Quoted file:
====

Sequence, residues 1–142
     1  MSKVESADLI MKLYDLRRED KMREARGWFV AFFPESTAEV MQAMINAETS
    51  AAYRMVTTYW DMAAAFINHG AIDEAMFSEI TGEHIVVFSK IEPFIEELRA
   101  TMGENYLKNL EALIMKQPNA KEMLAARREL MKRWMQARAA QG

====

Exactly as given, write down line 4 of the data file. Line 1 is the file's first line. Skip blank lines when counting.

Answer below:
   101  TMGENYLKNL EALIMKQPNA KEMLAARREL MKRWMQARAA QG